Whatever happened to Asperger’s?
Asperger Syndrome was first described and named by Hans Asperger in 1944, only appearing in the Diagnostic and Statistical Manual of Mental Disorders (DSM IV) in 1987.
Between 1994 and May 2013 Asperger Syndrome was recognised as a distinct category in the DSM, falling under the umbrella of Pervasive Developmental Disorders. Other developmental disorders included Pervasive Developmental Disorder Not Otherwise Specified, Childhood Disintegrative Syndrome, Autistic Syndrome, and Rett Syndrome.
In line with the revised diagnostic criteria released in the DSM–5 in 2013, Asperger’s Syndrome, Pervasive Developmental Disorder Not Otherwise Specified, Childhood Disintegrative Syndrome, and Autistic Syndrome were removed from the DSM as distinct diagnostic categories.
Instead, all four of these developmental disorders were combined into one general category for Autism Spectrum Disorders (ASD).
Subsequently, Asperger’s is no longer an official diagnosis and anyone who was previously diagnosed with Asperger Syndrome is now considered to have ASD Level 1.
The new autism diagnostic criteria describe three severity levels of autism. Each level is defined, based on the support needs of the individual – for example, a Level 1 diagnosis describes autism that requires minimal support, while a Level 3 diagnosis describes autism that requires significant support.
The Asperger’s Controversy
Individuals diagnosed with Asperger’s are very different to individuals diagnosed with more severe presentations of Autism.
Individuals with Asperger syndrome predominantly experience difficulties with social functioning such as recognising social and emotional cues and responding appropriately. Additional symptoms may also (but not always) include: difficulty coping with changes in routine; hypersensitivity to certain sensory inputs; challenges with empathy; and enacting stereotyped repetitive behaviours.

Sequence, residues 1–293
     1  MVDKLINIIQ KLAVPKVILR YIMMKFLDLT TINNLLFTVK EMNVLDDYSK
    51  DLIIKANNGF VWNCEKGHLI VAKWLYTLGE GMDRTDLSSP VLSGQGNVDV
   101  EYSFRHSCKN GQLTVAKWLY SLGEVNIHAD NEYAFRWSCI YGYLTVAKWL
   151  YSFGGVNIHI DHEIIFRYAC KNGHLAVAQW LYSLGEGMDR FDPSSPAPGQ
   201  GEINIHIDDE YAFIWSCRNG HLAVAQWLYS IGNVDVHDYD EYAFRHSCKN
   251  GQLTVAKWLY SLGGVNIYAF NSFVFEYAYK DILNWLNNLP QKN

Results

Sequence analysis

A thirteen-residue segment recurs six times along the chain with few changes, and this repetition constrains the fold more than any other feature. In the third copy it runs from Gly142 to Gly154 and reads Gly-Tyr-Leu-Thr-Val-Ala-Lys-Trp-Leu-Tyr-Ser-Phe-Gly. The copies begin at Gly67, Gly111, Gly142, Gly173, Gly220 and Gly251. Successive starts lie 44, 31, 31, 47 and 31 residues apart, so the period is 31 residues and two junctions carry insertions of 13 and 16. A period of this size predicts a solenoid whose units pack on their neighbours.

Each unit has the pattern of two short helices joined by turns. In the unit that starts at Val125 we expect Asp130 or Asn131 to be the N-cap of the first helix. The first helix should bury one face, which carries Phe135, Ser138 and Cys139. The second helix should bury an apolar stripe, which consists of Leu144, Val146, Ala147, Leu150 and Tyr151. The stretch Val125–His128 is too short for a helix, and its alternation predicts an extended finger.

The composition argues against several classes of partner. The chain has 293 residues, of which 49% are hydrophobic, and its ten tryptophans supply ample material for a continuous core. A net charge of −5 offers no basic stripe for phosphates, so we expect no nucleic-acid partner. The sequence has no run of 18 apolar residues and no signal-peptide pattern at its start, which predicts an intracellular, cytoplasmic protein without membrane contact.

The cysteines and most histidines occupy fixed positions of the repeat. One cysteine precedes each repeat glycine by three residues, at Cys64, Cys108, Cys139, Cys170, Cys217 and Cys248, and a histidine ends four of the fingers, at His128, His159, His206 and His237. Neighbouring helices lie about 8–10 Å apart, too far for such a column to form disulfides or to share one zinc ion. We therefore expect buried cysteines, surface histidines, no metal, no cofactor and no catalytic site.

However, unlike the more severe cases of Autism (once described as Pervasive Developmental Disorder Not Otherwise Specified, Childhood Disintegrative Syndrome, and Autistic Syndrome), Asperger’s is not accompanied by deficits in overall intelligence or language.
In fact, it is not uncommon for individuals diagnosed with Asperger’s syndrome to successfully graduate from tertiary studies and engage in successful and fulfilling careers – with some of the more famous achievers including Mozart, Einstein and Bill Gates.
The term Asperger syndrome has been used for decades to unambiguously describe the strengths and challenges faced by a specific group of individuals. Most people associate Asperger syndrome as synonymous with “high functioning autism” (also not an official diagnosis). Additionally, all manner of support groups and health clinics have included the term Asperger’s in business names as a means of clearly identifying the nature of their services and resources.
Essentially, there is an international community that identifies with the term Asperger’s and will most likely do so much farther into the future.
So, while Asperger syndrome is no longer recognised as an official diagnosis in the DSM–5, the term continues to be used “unofficially” by clinicians, doctors, and other support networks.
Author: Dr Nicole Hess, B Psych (Hons), MPPSY, PhD.
Having recently completed a Master of Professional Psychology (MPPSY), Nicole Hess is trained to provide psychological assessment and evidence-based therapies. She works with children, adolescents and adults in individual therapy.
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- American Psychiatric Association. (2013). Diagnostic and statistical manual of mental disorders (5th ed.). Washington, DC: American Psychiatric Association.
- Weitlauf AS, Gotham KO, Vehorn AC, Warren ZE. Brief report: DSM-5 “levels of support:” a comment on discrepant conceptualizations of severity in ASD. J Autism Dev Disord. 2014;44(2):471-6. doi:10.1007/s10803-013-1882-z